from The American Heritage® Dictionary of the English Language, 4th Edition
- n. Architecture A vertical groove, especially in a Doric column or frieze.
- n. A symbolic figure that is usually engraved or incised.
- n. A symbol, such as a stylized figure or arrow on a public sign, that imparts information nonverbally.
from Wiktionary, Creative Commons Attribution/Share-Alike License
- n. A figure carved in relief or incised, especially representing a sound, word, or idea.
- n. Any non-verbal symbol that imparts information.
- n. A visual representation of a letter, character, or symbol, in a specific font and style.
- n. A vertical groove.
from the GNU version of the Collaborative International Dictionary of English
- n. A sunken channel or groove, usually vertical. See triglyph.
- n. A carved figure or character, incised or in relief; a carved pictograph; hence, a pictograph representing a form originally adopted for sculpture, whether carved or painted.
from The Century Dictionary and Cyclopedia
- n. In sculpture and architecture, a groove or channel, usually vertical, intended as an ornament. See triglyph.
- n. A written or pictured character, sign, or symbol representing a word or an idea; an ideograph: as, the Mexican or Mayan glyphs.
from WordNet 3.0 Copyright 2006 by Princeton University. All rights reserved.
- n. glyptic art in the form of a symbolic figure carved or incised in relief
Be particularly wary of terms that are familiar to only a small segment of your customers, such as the term glyph to mean symbol.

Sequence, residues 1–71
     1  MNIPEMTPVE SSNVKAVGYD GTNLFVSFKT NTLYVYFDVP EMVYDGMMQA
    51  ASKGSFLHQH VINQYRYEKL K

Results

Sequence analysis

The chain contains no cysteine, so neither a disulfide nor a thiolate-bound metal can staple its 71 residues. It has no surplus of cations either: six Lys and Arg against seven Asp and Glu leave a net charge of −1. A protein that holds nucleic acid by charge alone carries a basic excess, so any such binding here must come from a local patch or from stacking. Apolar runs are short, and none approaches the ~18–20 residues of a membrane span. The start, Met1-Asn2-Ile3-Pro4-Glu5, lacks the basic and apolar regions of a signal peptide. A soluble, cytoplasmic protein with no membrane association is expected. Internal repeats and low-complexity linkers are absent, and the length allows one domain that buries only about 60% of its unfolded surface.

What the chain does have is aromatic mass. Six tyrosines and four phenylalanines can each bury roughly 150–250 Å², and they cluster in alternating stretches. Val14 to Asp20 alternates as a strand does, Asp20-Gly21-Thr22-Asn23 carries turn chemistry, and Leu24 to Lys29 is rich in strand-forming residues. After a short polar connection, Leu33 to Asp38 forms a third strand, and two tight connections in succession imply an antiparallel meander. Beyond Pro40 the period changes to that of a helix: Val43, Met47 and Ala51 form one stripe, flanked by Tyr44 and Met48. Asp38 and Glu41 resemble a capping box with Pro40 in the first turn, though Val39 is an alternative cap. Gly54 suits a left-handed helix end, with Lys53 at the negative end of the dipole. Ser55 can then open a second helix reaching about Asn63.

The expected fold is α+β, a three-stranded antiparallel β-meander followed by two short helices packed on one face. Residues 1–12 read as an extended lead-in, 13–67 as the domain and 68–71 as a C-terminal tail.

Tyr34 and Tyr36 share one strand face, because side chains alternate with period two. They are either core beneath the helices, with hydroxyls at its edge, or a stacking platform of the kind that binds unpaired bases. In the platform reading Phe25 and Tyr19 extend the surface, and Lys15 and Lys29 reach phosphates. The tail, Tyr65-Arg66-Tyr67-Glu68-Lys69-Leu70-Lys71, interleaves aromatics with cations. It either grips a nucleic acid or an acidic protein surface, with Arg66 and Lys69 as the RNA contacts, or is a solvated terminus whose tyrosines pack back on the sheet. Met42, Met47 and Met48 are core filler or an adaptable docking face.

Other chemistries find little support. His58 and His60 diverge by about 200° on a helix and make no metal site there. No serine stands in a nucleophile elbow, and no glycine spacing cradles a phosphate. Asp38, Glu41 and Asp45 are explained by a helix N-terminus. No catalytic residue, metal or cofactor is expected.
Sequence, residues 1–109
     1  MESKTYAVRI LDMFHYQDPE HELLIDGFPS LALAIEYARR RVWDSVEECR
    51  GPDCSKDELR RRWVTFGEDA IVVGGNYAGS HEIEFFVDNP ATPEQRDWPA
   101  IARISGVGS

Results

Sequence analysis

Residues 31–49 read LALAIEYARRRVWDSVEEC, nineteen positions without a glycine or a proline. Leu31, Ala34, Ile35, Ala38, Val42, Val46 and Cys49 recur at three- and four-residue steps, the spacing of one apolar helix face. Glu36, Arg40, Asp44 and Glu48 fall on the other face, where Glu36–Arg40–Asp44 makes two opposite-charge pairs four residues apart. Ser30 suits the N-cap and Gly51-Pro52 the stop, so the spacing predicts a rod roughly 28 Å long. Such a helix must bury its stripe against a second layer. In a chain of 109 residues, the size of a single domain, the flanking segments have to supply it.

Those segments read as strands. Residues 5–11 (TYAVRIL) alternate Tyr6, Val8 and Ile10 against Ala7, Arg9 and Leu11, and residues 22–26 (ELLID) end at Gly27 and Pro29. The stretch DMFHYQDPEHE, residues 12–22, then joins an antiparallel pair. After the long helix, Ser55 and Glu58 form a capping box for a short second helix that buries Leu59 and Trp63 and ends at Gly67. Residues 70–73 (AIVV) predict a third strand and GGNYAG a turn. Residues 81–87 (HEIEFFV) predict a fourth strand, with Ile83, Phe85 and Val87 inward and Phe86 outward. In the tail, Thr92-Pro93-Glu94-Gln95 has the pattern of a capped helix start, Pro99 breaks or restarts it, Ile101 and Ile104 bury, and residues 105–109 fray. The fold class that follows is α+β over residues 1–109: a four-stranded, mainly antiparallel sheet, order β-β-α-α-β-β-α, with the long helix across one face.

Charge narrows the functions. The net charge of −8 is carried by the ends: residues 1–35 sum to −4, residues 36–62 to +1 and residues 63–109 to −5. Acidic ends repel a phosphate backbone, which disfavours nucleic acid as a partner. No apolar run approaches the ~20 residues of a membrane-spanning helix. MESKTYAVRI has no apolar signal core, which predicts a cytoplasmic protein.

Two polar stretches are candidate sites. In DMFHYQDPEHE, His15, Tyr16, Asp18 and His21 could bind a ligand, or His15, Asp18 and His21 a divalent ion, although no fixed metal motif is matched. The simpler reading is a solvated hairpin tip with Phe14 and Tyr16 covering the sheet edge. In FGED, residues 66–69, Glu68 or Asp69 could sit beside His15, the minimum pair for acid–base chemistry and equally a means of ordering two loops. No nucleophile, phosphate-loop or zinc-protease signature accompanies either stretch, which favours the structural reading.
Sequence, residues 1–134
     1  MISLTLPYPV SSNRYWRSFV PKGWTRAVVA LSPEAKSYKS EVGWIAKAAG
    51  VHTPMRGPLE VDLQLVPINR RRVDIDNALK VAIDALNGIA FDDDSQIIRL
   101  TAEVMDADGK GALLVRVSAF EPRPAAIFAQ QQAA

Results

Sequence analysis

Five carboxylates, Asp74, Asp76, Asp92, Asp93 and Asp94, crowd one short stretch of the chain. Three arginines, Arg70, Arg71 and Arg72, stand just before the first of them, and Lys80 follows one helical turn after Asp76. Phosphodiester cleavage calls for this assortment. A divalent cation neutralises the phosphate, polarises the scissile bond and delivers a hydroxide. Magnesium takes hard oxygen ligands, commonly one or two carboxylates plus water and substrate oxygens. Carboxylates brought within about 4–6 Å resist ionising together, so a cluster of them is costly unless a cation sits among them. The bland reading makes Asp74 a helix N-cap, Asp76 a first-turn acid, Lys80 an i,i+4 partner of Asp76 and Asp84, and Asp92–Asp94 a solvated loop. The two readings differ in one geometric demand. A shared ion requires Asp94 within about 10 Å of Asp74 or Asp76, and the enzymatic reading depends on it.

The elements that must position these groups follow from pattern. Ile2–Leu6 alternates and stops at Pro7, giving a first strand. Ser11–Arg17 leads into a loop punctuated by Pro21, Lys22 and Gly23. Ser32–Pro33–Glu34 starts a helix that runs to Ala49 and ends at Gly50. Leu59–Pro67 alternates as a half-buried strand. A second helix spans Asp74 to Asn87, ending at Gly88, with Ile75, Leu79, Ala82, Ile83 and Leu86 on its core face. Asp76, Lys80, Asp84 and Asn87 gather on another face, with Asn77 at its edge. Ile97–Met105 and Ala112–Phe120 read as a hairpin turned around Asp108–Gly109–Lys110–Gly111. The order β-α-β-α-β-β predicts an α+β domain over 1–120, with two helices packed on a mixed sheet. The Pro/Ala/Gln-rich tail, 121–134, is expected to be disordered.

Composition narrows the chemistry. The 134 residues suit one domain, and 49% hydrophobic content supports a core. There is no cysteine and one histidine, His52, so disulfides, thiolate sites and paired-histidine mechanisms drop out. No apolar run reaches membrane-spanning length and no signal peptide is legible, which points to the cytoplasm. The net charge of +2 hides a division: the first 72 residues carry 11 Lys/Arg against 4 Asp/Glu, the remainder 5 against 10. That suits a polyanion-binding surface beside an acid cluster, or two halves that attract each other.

Julian Sanchez … can to give an example of specifically why you believe a certain glyph is a specific letter. i.e. why is the seahorse an N. Otto
For example, when I visit Daring Fireball using Chrome, for some reason all of the left hand menu items disappear into a string of empty character symbols (the character you sometimes get in a font if a particular glyph is missing).
An early reference to food and the pleasure it brings can be found on a 12th century glyph from the Nuttall Codex.
Furthermore, clicking the Reset label glyph places the label at the middle edge of the structure, not the original label location.
One of the symbols recalls the ajaw glyph, which is both a calendrical day name and the word for king.
Brinton calls the glyph the "fish and oyster sign."
The tablix you designed is now displayed in the design surface like this: Product Category Key English Product Category Name Open the smart tags panel of the ReportViewer1 control by clicking the smart-tag glyph on the top right corner.
A glyph is the label, and the image triggered in your mind by that word or label which you abstracted from experience.
So we're really looking at a general glyph, which is a complex graphical object whose features (sizes, lengths, angles, colors, etc.) correspond to data.
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